Connection between global conservation status, geographical range size, midpoint latitude, female carapace length, and clutch size of Testudines
Wick, Ian E.
Honours Bachelor of Environmental Management
DisciplineNatural Resources Management
SubjectTestudines (turtles and tortoises)
Road mortality (Testudines, turtles)
MetadataShow full item record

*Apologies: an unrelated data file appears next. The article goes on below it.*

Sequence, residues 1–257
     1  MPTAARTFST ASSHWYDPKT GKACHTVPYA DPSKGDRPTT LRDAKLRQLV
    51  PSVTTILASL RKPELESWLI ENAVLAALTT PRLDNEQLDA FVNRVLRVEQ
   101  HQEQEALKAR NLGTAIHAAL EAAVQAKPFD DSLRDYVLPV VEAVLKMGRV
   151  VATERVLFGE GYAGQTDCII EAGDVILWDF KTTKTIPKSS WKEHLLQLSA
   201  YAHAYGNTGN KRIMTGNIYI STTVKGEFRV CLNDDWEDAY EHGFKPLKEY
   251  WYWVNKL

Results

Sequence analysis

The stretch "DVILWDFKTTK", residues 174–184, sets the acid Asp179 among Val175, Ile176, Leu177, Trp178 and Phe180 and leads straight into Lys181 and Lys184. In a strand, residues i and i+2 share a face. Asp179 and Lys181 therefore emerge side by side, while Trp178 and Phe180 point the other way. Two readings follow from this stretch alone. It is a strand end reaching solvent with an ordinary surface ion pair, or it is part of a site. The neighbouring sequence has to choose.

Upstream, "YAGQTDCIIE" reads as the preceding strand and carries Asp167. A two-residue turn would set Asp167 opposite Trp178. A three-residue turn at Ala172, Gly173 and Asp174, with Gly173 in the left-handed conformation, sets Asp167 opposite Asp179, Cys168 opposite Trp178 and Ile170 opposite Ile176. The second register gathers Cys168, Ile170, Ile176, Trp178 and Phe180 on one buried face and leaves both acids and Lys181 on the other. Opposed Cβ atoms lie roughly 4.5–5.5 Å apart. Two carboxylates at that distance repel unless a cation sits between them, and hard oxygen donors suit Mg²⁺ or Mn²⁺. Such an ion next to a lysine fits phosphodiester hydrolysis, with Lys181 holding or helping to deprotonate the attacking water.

The need for species conservation is only magnified with each passing day. Testudines are one of the taxonomic orders most at risk of extinction on Earth. Over 70% of Testudines are globally listed on the IUCN Red List and over 60% of those are at risk of extinction. Testudines face many threats including habitat loss and degradation. At time of data collection there were 258 turtles globally listed on the IUCN Red List. Following justified additions there were recognized to be 266 turtle species globally listed on the IUCN Red List for the purpose of this study. I collected data for 357 turtle species and examined the association of conservation status with geographic range size, midpoint latitude, female carapace length, and clutch size to determine if any of these attributes would be useful for determining extinction risk. IUCN status rank for species was most highly correlated with mean female carapace length. IUCN status rank for species was most highly correlated with mean female carapace length. The positive association of risk with increasing body size supports concerns about the impact of harvesting or poaching of turtles and tortoises by humans. Testudines are clearly in need of conservation efforts.